A collective shame on us all
IT IS impossible to overstate the tragedy that unfolded when a high mast light in Soshanguve fell on children playing underneath it last Saturday. We could not possibly fathom the extent of anguish and grief the families must be dealing with at the sudden loss of their children.
In the midst of this tragedy, we have to find ways that will ensure that the deaths of the five children are not in vain. Lessons must be learnt to ensure that a similar tragedy is prevented.
The City of Tshwane blamed the deaths on infrastructure theft, particularly vandals intent on electricity cable theft.
Needless to say, not everyone agrees with this, and in our view, correctly so. This is not to say that vandalism is not the issue, but it cannot be the only issue.
As Energy Minister David Mahlobo observed when visiting the affected families and the site of the tragedy yesterday: “We might not be hardcore engineers but we could see there might have been something wrong. There might be issues of vandalism, issues of maintenance, and it’s a discussion we will have with the municipality to make the area safer.”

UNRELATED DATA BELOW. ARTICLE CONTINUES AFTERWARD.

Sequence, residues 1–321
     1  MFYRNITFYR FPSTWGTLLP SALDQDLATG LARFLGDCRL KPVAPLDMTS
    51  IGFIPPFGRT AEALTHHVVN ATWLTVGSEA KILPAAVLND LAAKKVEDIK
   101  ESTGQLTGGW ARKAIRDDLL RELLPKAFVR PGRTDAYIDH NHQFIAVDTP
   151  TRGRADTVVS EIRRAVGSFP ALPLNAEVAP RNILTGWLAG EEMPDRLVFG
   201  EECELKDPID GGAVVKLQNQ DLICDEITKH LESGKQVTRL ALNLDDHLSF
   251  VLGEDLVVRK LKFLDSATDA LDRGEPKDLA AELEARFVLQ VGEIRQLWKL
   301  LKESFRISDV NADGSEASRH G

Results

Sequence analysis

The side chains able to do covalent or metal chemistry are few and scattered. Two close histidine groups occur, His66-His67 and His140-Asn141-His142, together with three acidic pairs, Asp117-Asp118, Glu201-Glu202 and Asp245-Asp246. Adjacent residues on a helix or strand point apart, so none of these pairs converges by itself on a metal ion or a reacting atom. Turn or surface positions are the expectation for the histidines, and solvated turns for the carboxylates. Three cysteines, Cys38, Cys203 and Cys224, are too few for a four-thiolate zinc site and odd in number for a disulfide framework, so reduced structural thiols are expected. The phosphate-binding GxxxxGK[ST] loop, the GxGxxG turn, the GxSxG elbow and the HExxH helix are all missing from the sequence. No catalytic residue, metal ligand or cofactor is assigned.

The city does bear responsibility for maintenance. We go further to add that vandalism is a community problem that can only be policed by the vigilance of those who live in the affected areas. The tendency to treat workingclass communities as helpless against, or indifferent to, vandalism is ahistoric and insulting.
It’s time the police, city government and local communities found forums to work together to ensure that infrastructure is built, maintained and protected. It is a collective responsibility, just as the deaths of these young souls should be a collective shame on all of us.